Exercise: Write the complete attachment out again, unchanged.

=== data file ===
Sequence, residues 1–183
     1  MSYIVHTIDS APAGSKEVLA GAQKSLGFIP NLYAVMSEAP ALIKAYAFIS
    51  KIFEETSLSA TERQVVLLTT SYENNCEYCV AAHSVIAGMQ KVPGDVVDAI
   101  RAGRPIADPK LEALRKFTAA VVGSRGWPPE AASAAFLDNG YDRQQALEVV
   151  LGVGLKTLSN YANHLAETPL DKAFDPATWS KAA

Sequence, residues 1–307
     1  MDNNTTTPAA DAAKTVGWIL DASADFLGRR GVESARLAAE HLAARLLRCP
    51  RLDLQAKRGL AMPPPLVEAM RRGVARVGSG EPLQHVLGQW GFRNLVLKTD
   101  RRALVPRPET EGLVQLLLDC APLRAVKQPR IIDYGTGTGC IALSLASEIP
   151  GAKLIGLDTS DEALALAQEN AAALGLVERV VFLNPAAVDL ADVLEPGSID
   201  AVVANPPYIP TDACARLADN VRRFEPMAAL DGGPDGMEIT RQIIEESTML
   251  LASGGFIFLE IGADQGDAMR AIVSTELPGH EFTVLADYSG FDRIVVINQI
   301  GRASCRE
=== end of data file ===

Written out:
Sequence, residues 1–183
     1  MSYIVHTIDS APAGSKEVLA GAQKSLGFIP NLYAVMSEAP ALIKAYAFIS
    51  KIFEETSLSA TERQVVLLTT SYENNCEYCV AAHSVIAGMQ KVPGDVVDAI
   101  RAGRPIADPK LEALRKFTAA VVGSRGWPPE AASAAFLDNG YDRQQALEVV
   151  LGVGLKTLSN YANHLAETPL DKAFDPATWS KAA

Sequence, residues 1–307
     1  MDNNTTTPAA DAAKTVGWIL DASADFLGRR GVESARLAAE HLAARLLRCP
    51  RLDLQAKRGL AMPPPLVEAM RRGVARVGSG EPLQHVLGQW GFRNLVLKTD
   101  RRALVPRPET EGLVQLLLDC APLRAVKQPR IIDYGTGTGC IALSLASEIP
   151  GAKLIGLDTS DEALALAQEN AAALGLVERV VFLNPAAVDL ADVLEPGSID
   201  AVVANPPYIP TDACARLADN VRRFEPMAAL DGGPDGMEIT RQIIEESTML
   251  LASGGFIFLE IGADQGDAMR AIVSTELPGH EFTVLADYSG FDRIVVINQI
   301  GRASCRE